Child’s Play Future Potential
Let me just preface this by saying I tried searching for any topic regarding Child’s Play, but the search function wasn’t working, so I don’t know if this has been discussed before. I had an idea after watching the first Child’s Play Hire episode, and thought about a solution to a problem that has bothered me for years since I had a short stint in pursuing a degree in education. In my opinion, why will it be nigh on impossible for education to ever truly be reformed for the better? Because to see true change would take the time it takes one generation to grow to adulthood, and trying to get that sort of societal change without interference from politics and politicians would be nearly impossible over the span of 18+ years. How can education, overcome to restrictions and problems inherit in an educational system that is tied to politics? How can children begin to see immediate changes in their lives? For children who are born into poverty, they have little chance to rise above the poverty line, and the resources it would take to help these children are hard to muster from charities and schools. What would be an effective way to give children, on an individual level, the education they need to improve, and rise above, the hand dealt to them?
Well like I said, after watching the Childs Play New Hire episode, when the interviewees were asked a question about what they thought could be the future of Child’s Play, something hit me. What if instead of just giving video games and toys to children in hospitals, it branched out into helping impoverished children? I can’t say this idea is really mine, but stolen from a book, Neal Stephenson’s “Diamond Age”. In it, one of the characters is a girl, Nell, who was born into poverty. Without going into too much detail, this girl stumbles upon a “Primer”, essentially a computer in the shape of a book, developed by a scientist, to educate his daughter. This computer actively assesses and tests, continuously, Nell. It creates challenges, and educates her not through rote memorization but by engaging her critically. As she grows older, it evolves with her. It is similar to the game in “Enders Game”, but in what is essentially a tablet pc. How does this relate to Childs Play?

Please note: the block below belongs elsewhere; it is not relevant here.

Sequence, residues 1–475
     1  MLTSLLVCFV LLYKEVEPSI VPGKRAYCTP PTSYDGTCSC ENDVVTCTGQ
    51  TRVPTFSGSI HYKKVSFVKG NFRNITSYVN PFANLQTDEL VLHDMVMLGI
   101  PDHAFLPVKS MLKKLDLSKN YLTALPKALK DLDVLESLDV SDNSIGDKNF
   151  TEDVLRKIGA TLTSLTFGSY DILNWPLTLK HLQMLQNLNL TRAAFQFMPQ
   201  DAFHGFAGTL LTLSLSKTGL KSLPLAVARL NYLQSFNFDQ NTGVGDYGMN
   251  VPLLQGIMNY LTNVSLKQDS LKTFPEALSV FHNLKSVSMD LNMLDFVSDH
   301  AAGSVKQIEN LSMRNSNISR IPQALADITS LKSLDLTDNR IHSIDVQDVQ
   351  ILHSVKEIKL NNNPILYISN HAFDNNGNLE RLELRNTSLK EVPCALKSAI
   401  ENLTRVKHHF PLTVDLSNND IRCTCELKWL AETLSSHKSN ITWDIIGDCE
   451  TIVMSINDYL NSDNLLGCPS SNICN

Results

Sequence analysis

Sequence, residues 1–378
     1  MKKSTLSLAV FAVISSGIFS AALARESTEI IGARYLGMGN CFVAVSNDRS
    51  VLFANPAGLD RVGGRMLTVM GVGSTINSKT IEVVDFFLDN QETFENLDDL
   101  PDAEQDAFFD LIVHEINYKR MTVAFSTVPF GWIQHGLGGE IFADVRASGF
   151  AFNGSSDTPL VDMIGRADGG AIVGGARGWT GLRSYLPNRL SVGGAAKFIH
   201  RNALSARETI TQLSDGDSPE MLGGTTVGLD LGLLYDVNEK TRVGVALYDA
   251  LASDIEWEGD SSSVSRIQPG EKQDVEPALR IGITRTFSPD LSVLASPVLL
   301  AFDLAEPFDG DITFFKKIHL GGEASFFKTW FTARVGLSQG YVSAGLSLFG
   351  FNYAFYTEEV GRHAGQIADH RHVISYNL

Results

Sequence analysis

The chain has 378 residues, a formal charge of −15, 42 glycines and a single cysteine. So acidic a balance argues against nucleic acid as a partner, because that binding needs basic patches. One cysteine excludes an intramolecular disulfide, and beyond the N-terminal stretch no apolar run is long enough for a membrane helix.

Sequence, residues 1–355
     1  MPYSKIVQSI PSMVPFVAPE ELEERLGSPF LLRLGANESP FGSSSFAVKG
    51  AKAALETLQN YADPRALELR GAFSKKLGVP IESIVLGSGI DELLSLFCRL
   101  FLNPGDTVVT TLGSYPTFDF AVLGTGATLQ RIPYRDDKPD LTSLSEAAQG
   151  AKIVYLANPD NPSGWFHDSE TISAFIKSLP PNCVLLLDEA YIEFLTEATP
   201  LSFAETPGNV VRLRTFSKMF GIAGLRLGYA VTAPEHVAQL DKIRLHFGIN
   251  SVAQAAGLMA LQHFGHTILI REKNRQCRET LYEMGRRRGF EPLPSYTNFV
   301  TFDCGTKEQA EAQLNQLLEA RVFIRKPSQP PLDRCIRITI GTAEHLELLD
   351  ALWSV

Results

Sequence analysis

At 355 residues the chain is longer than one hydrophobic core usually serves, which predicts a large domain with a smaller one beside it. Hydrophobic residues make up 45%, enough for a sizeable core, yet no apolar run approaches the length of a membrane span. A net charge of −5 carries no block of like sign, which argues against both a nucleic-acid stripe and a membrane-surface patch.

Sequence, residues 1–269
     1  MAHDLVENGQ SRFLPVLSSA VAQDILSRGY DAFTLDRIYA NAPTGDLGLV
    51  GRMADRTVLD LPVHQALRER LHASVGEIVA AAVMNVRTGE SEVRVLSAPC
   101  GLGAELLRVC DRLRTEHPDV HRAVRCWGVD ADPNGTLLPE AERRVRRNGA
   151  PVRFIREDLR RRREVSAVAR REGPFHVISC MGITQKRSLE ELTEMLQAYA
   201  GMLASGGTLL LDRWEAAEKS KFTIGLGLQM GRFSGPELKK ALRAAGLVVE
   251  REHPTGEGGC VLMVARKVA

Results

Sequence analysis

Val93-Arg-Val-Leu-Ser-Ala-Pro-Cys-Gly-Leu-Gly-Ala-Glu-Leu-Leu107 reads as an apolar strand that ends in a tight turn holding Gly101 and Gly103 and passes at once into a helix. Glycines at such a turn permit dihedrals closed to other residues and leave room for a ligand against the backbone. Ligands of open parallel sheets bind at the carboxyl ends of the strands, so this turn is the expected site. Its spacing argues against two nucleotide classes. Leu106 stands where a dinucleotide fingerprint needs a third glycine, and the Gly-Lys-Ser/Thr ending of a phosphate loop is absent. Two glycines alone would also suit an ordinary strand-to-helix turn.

Here’s where I can see a future of it branching out, beyond children in hospitals. How many gamers, and game developers realize the potential of education in gaming? I recall on The Colbert Report, or possibly Daily Show, an interview of a game designer who was creating games for children in third world countries, to educate them through gaming itself. From an educational psychology standpoint (granted I’m not expert as I only took a few years to pursue education), when you get a child to actively and critically engage, through play or by any means, they learn much more than from much of what education is focused on now, standardized testing and memorization. Now since schools are unfortunately locked into No Child Left Behind, without a real resolution being made anytime in the near future, most children must have means outside of school for education in which they are engaged critically. The problem arises in impoverished children, as children from more wealthy families can afford more opportunities for creative engagement (arts, private schools, sports, etc). How could Childs Play help?